Infant and Child

  • Vitamin D in School Children Reduces Influenza Incidence

    March 13th, 2010 |  1

    For a few years now I’ve always taken Vitamin D during the winter and felt it helped reduce the incidence and severity of colds I would get.   Now a study just published shows that giving vitamin D to school children reduced the incidence of influenza.   We should all be having our Vitamin D levels checked, especially if we are one to get a lot of colds each year.    Taking 1000-2000IU/day through the winter may be your best bet if you cannot get your blood tested.   There is almost no risk of developing any toxicity at 2000IU/day, unless you already had high levels of D in your blood.

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  • Probiotics Given to Pregnant Women and Nursing Mom's Reduces Incidence of Eczema in Offspring

    December 3rd, 2009 |  0

    There are several studies showing that maternal diet plays an important role in the health of offspring:

    An interesting study was just published to determine if a particular strain of probiotic  supplementation can reduce the incidence of eczema in infants that are born into a family history of allergies and eczema.  There were 68 infant/mother pairs separated into a study group receiving the probiotic and a control group receiving a placebo.

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  • Fish Oil During Pregnancy and Lactation Reduces Chances of Infant Allergies

    June 13th, 2009 |  0

    Maternal intake of omega-3 (omega-3) polyunsaturated fatty acids (PUFAs) during pregnancy has decreased, possibly contributing to a current increased risk of childhood allergy. Aim: To describe the effects of maternal omega-3 long-chain PUFA supplementation during pregnancy and lactation on the incidence of allergic disease in infancy. Methods: One hundred and forty-five pregnant women, affected by allergy themselves or having a husband or previous child with allergies, were included in a randomized placebo-controlled trial. Daily maternal supplementation with either 1.6 g eicosapentaenoic acid and 1.1 g docosahexaenoic acid or placebo was given from the 25(th) gestational week to average 3-4 months of breastfeeding. Skin prick tests, detection of circulating specific immunoglobulin E (IgE) antibodies and clinical examinations of the infants were performed. Results: The period prevalence of food allergy was lower in the omega-3 group (1/52, 2%) compared to the placebo group (10/65, 15%, p < 0.05) as well as the incidence of IgE-associated eczema (omega-3 group: 4/52, 8%; placebo group: 15/63, 24%, p < 0.05). Conclusion: Maternal omega-3 fatty acid supplementation may decrease the risk of food allergy and IgE-associated eczema during the first year of life in infants with a family history of allergic disease.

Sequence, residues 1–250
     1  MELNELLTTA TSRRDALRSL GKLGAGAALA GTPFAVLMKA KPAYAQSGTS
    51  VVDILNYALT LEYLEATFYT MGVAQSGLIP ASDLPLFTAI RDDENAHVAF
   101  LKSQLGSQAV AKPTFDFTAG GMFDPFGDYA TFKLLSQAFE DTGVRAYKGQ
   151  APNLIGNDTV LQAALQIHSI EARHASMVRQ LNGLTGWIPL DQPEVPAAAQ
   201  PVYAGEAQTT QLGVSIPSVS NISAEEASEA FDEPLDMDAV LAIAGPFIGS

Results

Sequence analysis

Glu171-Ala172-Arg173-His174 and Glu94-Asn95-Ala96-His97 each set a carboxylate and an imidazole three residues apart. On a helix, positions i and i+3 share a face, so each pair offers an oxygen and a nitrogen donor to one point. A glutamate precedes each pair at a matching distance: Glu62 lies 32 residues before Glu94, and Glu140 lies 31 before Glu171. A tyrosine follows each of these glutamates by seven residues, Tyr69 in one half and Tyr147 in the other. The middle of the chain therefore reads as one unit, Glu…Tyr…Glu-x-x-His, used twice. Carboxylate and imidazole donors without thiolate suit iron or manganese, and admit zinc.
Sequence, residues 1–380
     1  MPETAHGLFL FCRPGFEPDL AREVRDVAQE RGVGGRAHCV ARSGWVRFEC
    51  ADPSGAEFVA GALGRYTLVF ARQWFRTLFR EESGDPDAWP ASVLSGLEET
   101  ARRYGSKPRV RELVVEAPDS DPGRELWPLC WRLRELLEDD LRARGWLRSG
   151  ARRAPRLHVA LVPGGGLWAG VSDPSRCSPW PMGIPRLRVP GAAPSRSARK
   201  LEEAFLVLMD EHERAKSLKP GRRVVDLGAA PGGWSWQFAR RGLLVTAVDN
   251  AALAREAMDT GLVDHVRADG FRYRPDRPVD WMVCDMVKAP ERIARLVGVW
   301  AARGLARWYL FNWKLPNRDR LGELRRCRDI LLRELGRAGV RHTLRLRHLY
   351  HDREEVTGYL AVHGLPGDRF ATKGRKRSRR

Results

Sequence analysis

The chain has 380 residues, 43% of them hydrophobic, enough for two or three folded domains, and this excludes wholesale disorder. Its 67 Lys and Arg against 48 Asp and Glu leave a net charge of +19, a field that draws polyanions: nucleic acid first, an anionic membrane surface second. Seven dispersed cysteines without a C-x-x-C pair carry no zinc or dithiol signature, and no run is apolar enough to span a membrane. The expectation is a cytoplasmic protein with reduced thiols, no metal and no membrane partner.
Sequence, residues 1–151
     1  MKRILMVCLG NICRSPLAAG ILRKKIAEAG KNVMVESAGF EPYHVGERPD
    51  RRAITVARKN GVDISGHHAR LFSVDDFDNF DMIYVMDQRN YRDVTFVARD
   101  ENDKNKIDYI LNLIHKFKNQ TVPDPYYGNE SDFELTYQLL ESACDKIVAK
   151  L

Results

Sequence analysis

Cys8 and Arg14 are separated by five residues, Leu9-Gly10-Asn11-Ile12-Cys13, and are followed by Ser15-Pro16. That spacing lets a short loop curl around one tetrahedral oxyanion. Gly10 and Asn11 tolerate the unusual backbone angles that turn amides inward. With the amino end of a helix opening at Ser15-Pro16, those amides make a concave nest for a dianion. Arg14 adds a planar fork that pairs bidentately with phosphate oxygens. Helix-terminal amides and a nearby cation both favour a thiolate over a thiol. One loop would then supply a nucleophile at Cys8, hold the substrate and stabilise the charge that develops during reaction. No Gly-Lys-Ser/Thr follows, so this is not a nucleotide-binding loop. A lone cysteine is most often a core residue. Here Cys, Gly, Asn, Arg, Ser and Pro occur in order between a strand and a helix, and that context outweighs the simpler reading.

Read the entire article here.

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  • Fish Oil Can Reduce Infections in Healthy Children

    March 12th, 2009 |  0

    In a placebo-controlled study of 180 healthy Thai schoolchildren, results indicate that supplementation with fish oil may reduce the frequency and duration of illness, particularly those involving the upper respiratory tract. The children received fish oil (200 mg EPA and 1 g DHA per day) or placebo, five days per week for a period of 6 months. At intervention end, children in the fish oil-supplemented group showed fewer episodes and shorter duration of illness (mainly upper respiratory tract) than the placebo group. Additionally, plasma transforming growth factor (TGF)-beta1 concentrations were lower in the fish oil group, compared with the placebo group. Thus, the authors of this study conclude, “Very long-chain omega-3 PUFAs reduce illness, mainly infections, in healthy Thai schoolchildren.”

    “Fish Oil N-3 Polyunsaturated Fatty Acids Selectively Affect Plasma Cytokines and Decrease Illness in Thai Schoolchildren: A Randomized, Double-Blind, Placebo-Controlled Intervention Trial,” Thienprasert A, Calder PC, et al, J Pediatr, 2008 Oct;


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  • Probiotic Supplementation Effective For Children in Reducing GI Infections

    February 15th, 2009 |  0

    In a double-blind, randomized, controlled trial involving 1,062 children under the age of 5 years, supplementation with Lactobacillus casei rhamnosus (200 million colony forming units/d) was found to control bacterial, viral (18% reduction), and respiratory infections (17% reduction), a probiotic containing multiple species (12 bacterial strains, including 7 species of Lactobacillus, 3 types of bifidobacteria, 1 type of Streptococcus, 1 type of Enterococcus) significantly reduced gastrointestinal disease (42% decrease in short-term and 44% decrease in long-term), and long-term consumption of L.rhamnosus T cell-1 (10 billion cfu) decreased the incidence of bacterial infection.


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